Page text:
16 September 2019


Judgments

High Court of Delhi

Sarla & Ors. v. Union of India

MANU/DE/2786/2016

06.10.2016

Civil

Inadvertent fall while boarding running train not a criminal act or self-inflicted injury to deny compensation

In instant case, Appellant is aggrieved by Railway Tribunal’s order dismissing Appellants’ claim petition by holding that, death of deceased was not on account of any accidental fall from train and would not be covered within meaning of Section 123 (c) read with Section 124-A of Railways Act, 1989 as train had already started moving after its scheduled stoppage, when deceased ran after moving train and had a fatal fall in the process. Impugned order holds that, case of Appellants comes within Proviso (b) to Section 124-A of the Railways Act, 1989 to deny compensation to appellants, who are legal heirs of deceased.

Challenge to impugned order by Appellants is on ground that, deceased was a bona fide passenger and was trying to board a compartment of the train, which was no doubt crowded, but while doing so, he had accidentally fallen and so, it is a case of accidental fall from the train which is covered by Section 123 (c) of the Railways Act, 1989.

Falling from a train while trying to board it cannot be said to be a criminal act or a self-inflicted injury by any stretch of imagination. Tribunal has gravely erred in holding that case of appellants comes within the Proviso (b) to Section 124-A of Railways Act, 1989 as aforesaid provision relates to a self-inflicted injury. However, it cannot be said that an inadvertent fall while trying to board a running train would be a self-inflicted injury.

Since, grant of compensation under Railways Act, 1989, is a beneficial piece of legislation, it should receive a liberal and wider interpretation and not a narrow and penal one and in case of conflict, an interpretation, which is to benefit of person for whom the Act is made, should be preferred. Such is the mandate of Apex Court in Prabhakaran Vijaya Kumar. In Jameela, it was held that under Section 124-A of the Railways Act, 1989, there is a strict liability on the Railways to pay the compensation and negligence is not a ground to deny compensation under Section 124-A of the Railways Act, 1989. It was reiterated by Apex Court in Jameela that, falling from a train due to one’s own negligence does not come within any of the exceptions enumerated in Proviso to Section 124-A of the Railways Act, 1989 to deny compensation.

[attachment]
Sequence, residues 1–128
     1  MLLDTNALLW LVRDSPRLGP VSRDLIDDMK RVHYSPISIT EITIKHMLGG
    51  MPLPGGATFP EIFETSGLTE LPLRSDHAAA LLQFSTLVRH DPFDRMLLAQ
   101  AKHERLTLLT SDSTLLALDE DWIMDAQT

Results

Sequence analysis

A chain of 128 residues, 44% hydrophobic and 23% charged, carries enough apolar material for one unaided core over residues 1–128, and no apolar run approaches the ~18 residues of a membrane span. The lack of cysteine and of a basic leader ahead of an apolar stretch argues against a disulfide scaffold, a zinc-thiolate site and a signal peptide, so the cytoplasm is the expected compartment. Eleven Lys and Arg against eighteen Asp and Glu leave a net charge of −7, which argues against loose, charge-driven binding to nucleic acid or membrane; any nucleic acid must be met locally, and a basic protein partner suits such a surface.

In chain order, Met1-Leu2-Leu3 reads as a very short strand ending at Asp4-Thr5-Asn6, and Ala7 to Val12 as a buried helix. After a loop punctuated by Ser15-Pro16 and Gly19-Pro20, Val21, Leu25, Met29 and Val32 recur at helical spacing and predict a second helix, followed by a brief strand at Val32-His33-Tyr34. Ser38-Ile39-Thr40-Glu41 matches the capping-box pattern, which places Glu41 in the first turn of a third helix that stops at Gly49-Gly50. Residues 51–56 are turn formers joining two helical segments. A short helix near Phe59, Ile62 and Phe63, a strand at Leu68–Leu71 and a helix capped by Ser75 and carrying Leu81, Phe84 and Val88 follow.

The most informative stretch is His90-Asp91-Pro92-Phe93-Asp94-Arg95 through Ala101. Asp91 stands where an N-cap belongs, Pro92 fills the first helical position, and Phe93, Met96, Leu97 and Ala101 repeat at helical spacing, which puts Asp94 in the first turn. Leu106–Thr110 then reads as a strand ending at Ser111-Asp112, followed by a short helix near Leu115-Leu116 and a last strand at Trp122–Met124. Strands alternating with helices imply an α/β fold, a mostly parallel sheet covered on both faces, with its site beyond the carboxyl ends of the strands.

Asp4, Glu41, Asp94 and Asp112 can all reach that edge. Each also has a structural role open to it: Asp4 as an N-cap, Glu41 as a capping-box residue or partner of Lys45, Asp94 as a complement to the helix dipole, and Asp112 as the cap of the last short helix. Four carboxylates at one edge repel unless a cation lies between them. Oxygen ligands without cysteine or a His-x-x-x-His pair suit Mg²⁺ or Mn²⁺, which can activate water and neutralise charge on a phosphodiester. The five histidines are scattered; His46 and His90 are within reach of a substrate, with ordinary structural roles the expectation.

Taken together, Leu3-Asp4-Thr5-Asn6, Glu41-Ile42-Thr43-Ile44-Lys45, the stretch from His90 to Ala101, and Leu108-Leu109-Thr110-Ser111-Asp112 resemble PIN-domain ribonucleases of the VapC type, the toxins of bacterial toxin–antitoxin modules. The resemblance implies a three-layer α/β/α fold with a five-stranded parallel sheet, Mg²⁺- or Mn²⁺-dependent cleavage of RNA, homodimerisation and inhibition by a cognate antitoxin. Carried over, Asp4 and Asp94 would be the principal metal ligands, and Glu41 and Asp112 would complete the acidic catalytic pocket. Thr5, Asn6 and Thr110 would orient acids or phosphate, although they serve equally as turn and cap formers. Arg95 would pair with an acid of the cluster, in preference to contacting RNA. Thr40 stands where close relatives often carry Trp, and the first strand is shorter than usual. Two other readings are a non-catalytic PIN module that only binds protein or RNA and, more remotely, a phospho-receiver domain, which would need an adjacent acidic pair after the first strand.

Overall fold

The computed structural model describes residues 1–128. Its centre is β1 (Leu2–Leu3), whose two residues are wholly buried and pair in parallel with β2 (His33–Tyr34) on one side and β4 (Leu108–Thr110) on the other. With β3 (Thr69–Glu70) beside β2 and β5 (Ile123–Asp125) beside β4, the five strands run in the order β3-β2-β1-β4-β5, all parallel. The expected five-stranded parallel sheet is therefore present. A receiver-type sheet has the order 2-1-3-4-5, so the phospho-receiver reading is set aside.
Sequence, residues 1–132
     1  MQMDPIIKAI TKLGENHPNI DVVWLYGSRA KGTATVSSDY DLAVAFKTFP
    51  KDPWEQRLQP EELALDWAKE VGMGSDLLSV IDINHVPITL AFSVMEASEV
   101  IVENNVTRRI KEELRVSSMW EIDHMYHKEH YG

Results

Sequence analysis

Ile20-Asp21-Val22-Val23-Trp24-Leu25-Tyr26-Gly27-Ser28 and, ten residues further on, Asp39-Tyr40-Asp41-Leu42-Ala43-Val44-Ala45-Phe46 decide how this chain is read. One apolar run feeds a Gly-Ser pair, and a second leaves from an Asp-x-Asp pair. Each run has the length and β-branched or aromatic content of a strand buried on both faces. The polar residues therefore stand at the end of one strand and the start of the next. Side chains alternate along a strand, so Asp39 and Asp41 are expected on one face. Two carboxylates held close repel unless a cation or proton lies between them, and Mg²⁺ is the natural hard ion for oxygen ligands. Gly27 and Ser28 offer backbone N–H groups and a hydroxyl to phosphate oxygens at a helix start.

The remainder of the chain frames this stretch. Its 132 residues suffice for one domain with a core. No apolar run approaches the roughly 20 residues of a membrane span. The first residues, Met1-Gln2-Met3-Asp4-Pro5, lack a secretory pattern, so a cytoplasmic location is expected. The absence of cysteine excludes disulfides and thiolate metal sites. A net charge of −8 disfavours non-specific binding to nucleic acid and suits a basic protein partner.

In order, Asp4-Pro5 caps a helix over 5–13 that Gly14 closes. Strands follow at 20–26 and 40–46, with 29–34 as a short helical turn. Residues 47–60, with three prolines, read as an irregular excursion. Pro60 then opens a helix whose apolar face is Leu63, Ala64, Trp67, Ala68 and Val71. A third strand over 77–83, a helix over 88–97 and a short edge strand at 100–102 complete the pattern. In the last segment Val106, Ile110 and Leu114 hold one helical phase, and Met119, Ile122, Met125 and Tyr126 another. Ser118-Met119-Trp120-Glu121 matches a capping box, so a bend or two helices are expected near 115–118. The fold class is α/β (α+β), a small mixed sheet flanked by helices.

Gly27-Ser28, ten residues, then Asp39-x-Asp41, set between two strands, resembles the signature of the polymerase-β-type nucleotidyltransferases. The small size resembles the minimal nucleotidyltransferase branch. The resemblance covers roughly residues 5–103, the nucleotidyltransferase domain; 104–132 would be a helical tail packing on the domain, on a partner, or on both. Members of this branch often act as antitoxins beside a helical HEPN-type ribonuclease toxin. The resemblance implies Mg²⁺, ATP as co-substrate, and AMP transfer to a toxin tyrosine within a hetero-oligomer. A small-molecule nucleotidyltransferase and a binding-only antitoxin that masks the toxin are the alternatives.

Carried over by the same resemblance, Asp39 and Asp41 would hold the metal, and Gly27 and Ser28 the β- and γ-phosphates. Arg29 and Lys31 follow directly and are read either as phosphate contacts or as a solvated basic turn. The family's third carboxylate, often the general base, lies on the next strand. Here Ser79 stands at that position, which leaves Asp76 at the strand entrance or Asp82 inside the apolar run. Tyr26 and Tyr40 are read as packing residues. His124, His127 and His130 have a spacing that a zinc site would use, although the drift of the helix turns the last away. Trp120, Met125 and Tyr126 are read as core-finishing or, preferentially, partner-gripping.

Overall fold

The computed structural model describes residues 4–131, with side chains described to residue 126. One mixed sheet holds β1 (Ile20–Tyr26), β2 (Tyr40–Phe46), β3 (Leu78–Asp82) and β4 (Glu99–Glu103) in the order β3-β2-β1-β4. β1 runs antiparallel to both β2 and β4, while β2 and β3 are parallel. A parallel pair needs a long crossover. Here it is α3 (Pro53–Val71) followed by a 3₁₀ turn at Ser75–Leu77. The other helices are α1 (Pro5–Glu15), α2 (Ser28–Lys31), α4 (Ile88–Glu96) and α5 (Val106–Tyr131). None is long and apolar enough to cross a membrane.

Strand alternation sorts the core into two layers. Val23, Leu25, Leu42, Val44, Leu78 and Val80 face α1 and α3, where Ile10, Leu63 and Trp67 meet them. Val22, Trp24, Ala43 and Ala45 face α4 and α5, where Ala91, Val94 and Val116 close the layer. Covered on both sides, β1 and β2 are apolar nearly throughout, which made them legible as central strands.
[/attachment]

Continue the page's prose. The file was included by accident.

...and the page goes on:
In view of decisions of Apex Court in Prabhakaran Vijaya Kumar and Jameela, High Court held that, negligence of deceased in trying to board a train while it was leaving the platform is not covered by any of the exceptions to Proviso to Section 124-A of Railways Act, 1989 to justify denial of compensation to appellants, who are the legal heirs of the deceased. High Court allowed Appellants’ claim petition with direction to respondent to deposit the statutory compensation.

Relevant

Union of India v. Prabhakaran Vijaya Kumar and Others, (2008) 9 SCC 527 and Jameela and Others v. Union of India, (2010) 12 SCC 443, Section 123 (c), 124-A of Railways Act, 1989

Tags : Accidental fall Compensation Grant

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